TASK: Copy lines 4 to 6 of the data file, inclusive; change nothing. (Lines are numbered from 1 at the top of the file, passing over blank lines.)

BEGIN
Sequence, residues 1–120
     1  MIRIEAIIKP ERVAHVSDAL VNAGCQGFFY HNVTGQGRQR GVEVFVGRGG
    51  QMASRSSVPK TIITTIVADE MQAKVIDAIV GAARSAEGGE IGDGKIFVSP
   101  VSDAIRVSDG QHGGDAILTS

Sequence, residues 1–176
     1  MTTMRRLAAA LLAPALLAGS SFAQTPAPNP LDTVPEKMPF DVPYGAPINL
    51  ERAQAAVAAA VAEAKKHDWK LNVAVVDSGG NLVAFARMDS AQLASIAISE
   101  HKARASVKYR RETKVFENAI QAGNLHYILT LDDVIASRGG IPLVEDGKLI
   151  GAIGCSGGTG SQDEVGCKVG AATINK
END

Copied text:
   101  VSDAIRVSDG QHGGDAILTS

Sequence, residues 1–176
     1  MTTMRRLAAA LLAPALLAGS SFAQTPAPNP LDTVPEKMPF DVPYGAPINL